Assays from the nearby Adina discovery have been impressive as well with a recent intercept of 1.34% Li2O over 107.6m prompting WR1 to ratchet up a drilling program this year from 5000m to 20,000m.
Drilling is also ongoing at Cancet with plans to formulate a resource over the coming months through the first half of 2023.
It’s certainly one of the most anticipated resource announcements on the ASX this year. Winsome’s share price is up almost 500% since its spinoff from MetalsTech (ASX:MTC) in late 2021, and over 100% over the past month.
Lithium Energy is understood to be working towards a first half maiden resource at its Solaroz project in Argentina’s Lithium Triangle.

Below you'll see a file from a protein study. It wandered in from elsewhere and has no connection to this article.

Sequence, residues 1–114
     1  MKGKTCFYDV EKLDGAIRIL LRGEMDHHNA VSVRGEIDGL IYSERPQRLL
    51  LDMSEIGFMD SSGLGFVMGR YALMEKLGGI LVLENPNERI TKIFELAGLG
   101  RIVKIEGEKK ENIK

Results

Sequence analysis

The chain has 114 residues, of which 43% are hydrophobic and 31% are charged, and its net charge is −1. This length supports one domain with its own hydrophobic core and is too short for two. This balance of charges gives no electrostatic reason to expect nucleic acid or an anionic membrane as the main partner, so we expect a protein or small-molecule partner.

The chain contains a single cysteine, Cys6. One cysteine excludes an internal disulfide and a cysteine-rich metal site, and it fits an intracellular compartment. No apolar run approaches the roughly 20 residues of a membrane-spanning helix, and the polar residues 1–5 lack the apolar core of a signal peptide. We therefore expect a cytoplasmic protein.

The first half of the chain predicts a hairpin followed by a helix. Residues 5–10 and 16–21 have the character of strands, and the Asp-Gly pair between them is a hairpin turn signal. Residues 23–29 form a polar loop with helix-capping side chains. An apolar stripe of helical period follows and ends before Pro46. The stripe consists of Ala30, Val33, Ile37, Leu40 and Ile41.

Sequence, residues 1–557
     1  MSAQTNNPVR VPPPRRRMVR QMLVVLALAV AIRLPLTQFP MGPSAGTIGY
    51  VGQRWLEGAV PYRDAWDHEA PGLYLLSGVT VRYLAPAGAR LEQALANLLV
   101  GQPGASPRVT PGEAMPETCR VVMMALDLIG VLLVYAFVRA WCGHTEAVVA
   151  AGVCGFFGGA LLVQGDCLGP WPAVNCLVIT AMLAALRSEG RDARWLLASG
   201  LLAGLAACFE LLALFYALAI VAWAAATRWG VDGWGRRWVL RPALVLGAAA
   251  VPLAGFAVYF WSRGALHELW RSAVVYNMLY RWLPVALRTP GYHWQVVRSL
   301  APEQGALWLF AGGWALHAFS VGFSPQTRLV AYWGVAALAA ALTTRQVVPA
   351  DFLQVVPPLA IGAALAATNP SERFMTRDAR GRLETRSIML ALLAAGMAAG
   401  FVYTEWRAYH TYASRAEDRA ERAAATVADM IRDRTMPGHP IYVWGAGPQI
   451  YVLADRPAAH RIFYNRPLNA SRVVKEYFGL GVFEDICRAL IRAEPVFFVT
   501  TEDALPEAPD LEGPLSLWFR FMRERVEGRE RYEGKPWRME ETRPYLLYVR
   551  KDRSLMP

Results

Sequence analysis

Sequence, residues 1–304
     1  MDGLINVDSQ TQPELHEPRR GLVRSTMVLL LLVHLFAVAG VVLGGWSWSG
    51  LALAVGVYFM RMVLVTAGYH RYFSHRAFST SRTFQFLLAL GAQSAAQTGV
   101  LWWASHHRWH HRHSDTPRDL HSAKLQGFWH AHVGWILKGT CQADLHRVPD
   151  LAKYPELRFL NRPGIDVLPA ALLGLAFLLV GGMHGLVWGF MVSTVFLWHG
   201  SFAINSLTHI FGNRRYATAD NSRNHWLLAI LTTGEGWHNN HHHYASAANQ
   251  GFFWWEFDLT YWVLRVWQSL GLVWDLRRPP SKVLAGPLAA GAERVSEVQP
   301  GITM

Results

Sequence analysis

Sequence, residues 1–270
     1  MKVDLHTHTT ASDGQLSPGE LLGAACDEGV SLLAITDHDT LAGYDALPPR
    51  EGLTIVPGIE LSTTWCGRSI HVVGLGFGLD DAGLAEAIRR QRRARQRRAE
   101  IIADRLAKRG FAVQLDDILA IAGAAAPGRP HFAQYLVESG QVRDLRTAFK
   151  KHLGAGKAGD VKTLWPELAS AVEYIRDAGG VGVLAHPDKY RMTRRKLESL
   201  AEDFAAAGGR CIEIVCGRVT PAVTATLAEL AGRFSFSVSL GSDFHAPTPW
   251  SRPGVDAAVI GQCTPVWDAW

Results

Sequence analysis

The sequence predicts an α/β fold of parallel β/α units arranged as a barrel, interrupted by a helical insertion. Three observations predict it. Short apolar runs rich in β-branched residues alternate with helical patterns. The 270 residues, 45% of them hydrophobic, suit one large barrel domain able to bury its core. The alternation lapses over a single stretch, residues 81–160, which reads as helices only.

The $50 million capped junior could not be better located.
It’s based directly next to $10 billion ASX lithium giant Allkem’s (ASX:AKE) Olaroz concession in Argentina’s Lithium Triangle, home to some of the world’s largest brine based lithium deposits.
LEL is sinking 10 holes at Solaroz on the Salar de Olaroz Basin, where it boasts 12,000 hectares of prospective lithium ground and an exploration target of 1.5-8.7Mt of lithium carbonate equivalent at concentrations of between 500mg/L and 700mg/L.
It is already three holes into the 5000m program, hitting lithium concentrations of more than 400mg/L in its first hole, prior to hitting its intended target zone, eventually returning cumulative intersections of up to 235m of lithium brine mineralisation on the Mario Angel concession at up to 555mg/L Li, with positive flow rates and mg/L ratio.
Drilling at the Chico V and Chico 1 concessions have also returned evidence of conductive brines.